Cybersec Essentials

Where Does Phone Theft Happen the Most?

Did you know that those places were you feel more comfortable are the ones you are more at risk of having your phone stolen? Learn where, and why this happens.

April 11, 2019

Losing your phone is one of the most frequent and hated mini-heart attacks you can get to experience. The sudden panic, the rushing between rooms, the sudden realization. Simply horrible!

But you know what's worse? When your phone wasn't buried beneath a pillow in your living-room, but actually stolen and in the hands of a running thief!

What are the chances of having your phone stolen?

Well, in the Mobile Theft and Loss Report (MTLR) we conducted for 2018, based on data from our user’s loss stories, we found out there’s a 31 percent chance of suffering theft versus losing it yourself! That’s more than 1 in every 4 cases.

How do you Really Prevent Theft?

Usually, we think that being cautious in places where we think theft can strike solves most of our troubles. Staying alert on the bus, closing your backpack’s pockets while on the subway, taking your laptop with you when you go to the bathroom in a café. Personal safety 101, right?

These are all the precautions we usually take when we don’t feel completely safe in the environment we’re in. Are they really effective? And what about those places where we aren't on edge? These and many other questions popped up in our heads, and thus, we went ahead and took a look at MTLR 18's data to see how safe each location really is.

Where Does Mobile Theft Happens the Most?

We took the information of over 800 real theft stories from our users and broke them down by location to get where people are more prone to suffer this kind of event. Here, we can take a look at the top 15 places where gadget theft happens the most:

It is more than clear than which locations dominate the list, the top 5 places represent a combined 82,42%! What’s more, it is also obvious that these places represent locations in which the owners spend a long time in, as part of their daily routines.

Comfort Generates Insecurity

Now, let’s dive a bit deeper into what these places represent. Remember when we mentioned the standard precautions anyone takes when in places they don’t feel secure? Well, we can see in the table a ton of so called ‘secured locations’, such as Home and Office, dominating the list!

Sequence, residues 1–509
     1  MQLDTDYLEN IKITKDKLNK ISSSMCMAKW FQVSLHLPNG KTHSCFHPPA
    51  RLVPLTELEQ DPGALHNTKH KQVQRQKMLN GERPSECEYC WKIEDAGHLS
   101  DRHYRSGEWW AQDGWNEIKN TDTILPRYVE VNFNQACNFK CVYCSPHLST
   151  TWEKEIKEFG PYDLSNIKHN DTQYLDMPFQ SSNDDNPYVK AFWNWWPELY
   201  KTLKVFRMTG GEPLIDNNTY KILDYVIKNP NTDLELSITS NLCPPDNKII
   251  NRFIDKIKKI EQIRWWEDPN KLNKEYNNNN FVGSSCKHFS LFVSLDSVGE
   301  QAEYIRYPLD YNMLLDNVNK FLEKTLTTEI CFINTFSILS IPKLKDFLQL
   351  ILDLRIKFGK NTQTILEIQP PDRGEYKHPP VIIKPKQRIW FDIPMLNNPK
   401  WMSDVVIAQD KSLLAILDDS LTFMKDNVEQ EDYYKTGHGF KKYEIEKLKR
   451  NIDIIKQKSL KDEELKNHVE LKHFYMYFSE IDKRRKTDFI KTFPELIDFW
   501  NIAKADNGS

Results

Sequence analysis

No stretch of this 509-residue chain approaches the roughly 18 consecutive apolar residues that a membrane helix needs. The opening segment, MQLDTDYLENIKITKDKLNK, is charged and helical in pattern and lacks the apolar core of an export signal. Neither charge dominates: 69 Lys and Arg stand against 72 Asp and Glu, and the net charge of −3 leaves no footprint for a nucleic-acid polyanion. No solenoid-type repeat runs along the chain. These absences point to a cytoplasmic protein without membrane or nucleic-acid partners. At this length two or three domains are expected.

We took it a step further and compared the top 3 secured locations and 3 top unsecured locations from the list to see how their added percentages compare. The result? Secured locations aren't that... secure.

In the end, places that are perceived as secure ones are as prone to theft -if not more- than those places we don’t feel as comfortable with. This is what we call comfort-based insecurity, a term that first appeared when we started reading our user’s stories to see what had happened in these ‘comfortable’ places.

It was then that we learned that users became vulnerable in these places because they felt secure, comfortable, and thus were careless when it comes to their gadget’s security. There were repeated cases in which the common factor was an unsuspected thief, such as:

  • Kids who stole other students' and teacher's phones at school.
  • Coworkers and ex-employees who pickpocketed at the office.
  • Friends or distant family members who take advantage of a visit.
  • Neighboring roommates at college that break into rooms.

Takeaway: Don't Lower Your Guard

By getting a bit loose on security at school, or at the office, you increase the risk of having your phone stolen. Treat each place the same, because theft is transversal to any location and suspects are not only cliché thieves, but also regular-looking opportunists who don’t come out of a Hollywood heist movie.

Another common factor in these stories is that our users were able to get the thief and find their gadgets because they were ready for it and had Prey in their smartphones. The basic Anti-theft version is free, and it goes a long way to have pictures of the user, nearby and active WiFis, locations, and more evidence in reports you can take to the police for them to take action.

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